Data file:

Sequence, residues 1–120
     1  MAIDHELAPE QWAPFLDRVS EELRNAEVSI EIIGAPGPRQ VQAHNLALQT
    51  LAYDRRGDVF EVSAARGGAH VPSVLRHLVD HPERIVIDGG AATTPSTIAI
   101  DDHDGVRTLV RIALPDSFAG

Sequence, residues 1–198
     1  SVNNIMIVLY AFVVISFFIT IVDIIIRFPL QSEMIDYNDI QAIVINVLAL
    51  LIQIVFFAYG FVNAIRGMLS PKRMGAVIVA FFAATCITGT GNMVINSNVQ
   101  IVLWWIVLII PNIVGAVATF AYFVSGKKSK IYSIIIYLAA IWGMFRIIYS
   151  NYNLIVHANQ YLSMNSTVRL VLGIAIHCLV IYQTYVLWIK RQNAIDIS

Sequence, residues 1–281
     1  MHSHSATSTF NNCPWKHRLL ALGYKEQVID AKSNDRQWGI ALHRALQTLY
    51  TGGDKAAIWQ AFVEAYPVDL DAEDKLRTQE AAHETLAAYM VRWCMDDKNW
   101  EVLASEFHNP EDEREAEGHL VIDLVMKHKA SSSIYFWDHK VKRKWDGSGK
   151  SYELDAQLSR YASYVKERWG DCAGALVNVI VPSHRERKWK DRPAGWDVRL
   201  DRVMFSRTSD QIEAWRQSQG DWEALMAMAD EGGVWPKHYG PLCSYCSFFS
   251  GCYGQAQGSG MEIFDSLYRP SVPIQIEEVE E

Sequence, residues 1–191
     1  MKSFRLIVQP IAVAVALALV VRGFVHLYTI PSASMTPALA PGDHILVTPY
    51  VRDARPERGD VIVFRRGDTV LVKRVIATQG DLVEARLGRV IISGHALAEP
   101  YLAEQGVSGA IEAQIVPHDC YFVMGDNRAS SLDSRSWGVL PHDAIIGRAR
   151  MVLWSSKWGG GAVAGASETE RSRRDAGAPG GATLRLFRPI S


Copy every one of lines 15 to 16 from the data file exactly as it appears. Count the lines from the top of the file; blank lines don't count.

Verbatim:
   201  DRVMFSRTSD QIEAWRQSQG DWEALMAMAD EGGVWPKHYG PLCSYCSFFS
   251  GCYGQAQGSG MEIFDSLYRP SVPIQIEEVE E